|PROPOSAL NUMBER:||04-II X2.04-7847|
|PHASE-I CONTRACT NUMBER:||NNM05AA45C|
|SUBTOPIC TITLE:||Cryogenic Propellant Depots|
|PROPOSAL TITLE:||To Ensure the Integrity of the Cryogenic Propellant Depot Tank Within the Expected Radiation and Space Debris Environment|
SMALL BUSINESS CONCERN
(Firm Name, Mail Address, City/State/Zip, Phone)
HyPerComp Engineering, Inc.
P.O. Box 505
Brigham City ,UT 84302 - 0505
(435) 734 - 1166
PRINCIPAL INVESTIGATOR/PROJECT MANAGER
(Name, E-mail, Mail Address, City/State/Zip, Phone)
P.O. Box 505
Brigham City, UT 84302 -0505
(435) 734 - 1166
TECHNICAL ABSTRACT (Limit 2000 characters, approximately 200 words)
HyPerComp Engineering, Inc. (HEI) proposes to develop well characterized, structurally reliable filament wound composite pressure vessels for use in both cryogenic and radiation environment applications. The intent of the proposed effort is to develop the detailed pressure vessel performance characteristics that will result in "off the shelf' technology for high performance cryogenic/ radiation environment composite pressure vessels.
This intent will be achieved via empirical characterization of composite raw materials subsequent to exposure to the aforementioned environments. Phase I of this effort (NASA contract #NNM05AA45C) demonstrated a significant reduction in structural performance subsequent to exposure to cryogenic/radiation environments. This reduction in structural performance would seriously compromise the structural performance of any composite structure.
The aerospace and the commercial communities have shown significant interest in using filament wound composite pressure vessels for cryogenic applications. In addition there is serious consideration for using composite vessels in deep space exploration which would sustain significant radiation exposure. The Phase I investigation has shown that these environments significantly degrade the structural capability of these vessels. Constituent raw materials and existing pressure vessel designs have not been characterized for these applications and as such the safety margins for these applications are undefined. Therefore, the reliability of such usage is unknown.
HEI has recently completed a Phase I SBIR through NASA/MSFC. This successful effort demonstrated a significant degradation in composite pressure vessel cryogenic/radiation performance. The effort proposed herein builds upon that knowledge, significantly expands it, and will result in statistically meaningful and, therefore, reliable "off the shelf" technology for composite pressure vessels in cryogenic/radiation applications.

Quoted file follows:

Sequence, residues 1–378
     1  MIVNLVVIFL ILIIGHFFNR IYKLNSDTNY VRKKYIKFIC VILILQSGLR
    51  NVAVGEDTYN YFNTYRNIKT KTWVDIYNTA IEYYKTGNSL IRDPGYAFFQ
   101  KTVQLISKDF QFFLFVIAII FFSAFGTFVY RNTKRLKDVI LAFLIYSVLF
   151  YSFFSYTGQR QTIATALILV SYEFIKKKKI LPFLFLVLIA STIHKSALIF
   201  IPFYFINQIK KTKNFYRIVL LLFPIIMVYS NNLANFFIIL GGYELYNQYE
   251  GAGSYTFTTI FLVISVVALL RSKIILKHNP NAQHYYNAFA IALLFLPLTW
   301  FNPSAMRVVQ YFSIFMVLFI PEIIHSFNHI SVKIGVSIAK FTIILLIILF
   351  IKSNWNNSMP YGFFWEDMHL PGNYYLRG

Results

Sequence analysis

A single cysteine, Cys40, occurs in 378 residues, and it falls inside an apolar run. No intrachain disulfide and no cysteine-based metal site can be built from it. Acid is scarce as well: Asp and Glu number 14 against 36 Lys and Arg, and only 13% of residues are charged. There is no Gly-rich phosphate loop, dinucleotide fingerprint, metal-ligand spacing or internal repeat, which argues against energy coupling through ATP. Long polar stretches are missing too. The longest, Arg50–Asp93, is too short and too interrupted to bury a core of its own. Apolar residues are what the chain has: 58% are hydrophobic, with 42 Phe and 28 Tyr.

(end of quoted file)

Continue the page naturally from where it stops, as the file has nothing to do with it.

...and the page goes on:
POTENTIAL NASA COMMERCIAL APPLICATIONS (Limit 1500 characters, approximately 150 words)
Joe Lewis and Lorie Grimes-Ledesma of Jet Propulsion Laboratory have expressed serious interest in our Phase I SBIR cryogenic/radiation work and subsequent Phase II follow on work. While they have general interest in lightweight cryogenic pressure vessels for propulsion systems they also have a very specific application of interest that would require significant radiation resistant capability. That application would be a spacecraft currently on the drawing board and referred to as the "Jupiter Icy Moons" mission. It is planned to use cryogenically stored xenon gas as a power source on that spacecraft and will require a high performance cryogenic/radiation capable pressure vessel.
Other NASA applications could include any low-earth or beyond earth orbit long-term pressure vessel requirements, such as 'orbiting fuel depots' for LOX storage, Mars mission fuel storage, extended mission light weight space habitat structures (i.e dual use fuel/habitat). All such structures will require significant radiation capabilities.
POTENTIAL NON-NASA COMMERCIAL APPLICATIONS (Limit 1500 characters, approximately 150 words)
The growth of the commercial space industry (i.e. Spacehab, Inc.) will present an opportunity for sales of space related hardware with demonstrated cryogenic/radiation capabilities outside of the traditional government owned space industry. The development of a commercial customer base for space hardware with new and innovative technologies with expanding capabilities (i.e. cryogenic/radiation) will complement the traditionally government dominated space market.
Terrestrial applications for cryogenic/radiation capable composite structures outside of NASA will be found in the nuclear energy power generation industry. With the current interest in development of alternative energy sources being raised to a level of strategic national importance by the President of the United States, the issue of nuclear generated power will be seriously studied. This industry will place a premium on radiation capable structures for tubing and pressure vessels to satisfy safety concerns which are certain to be raised.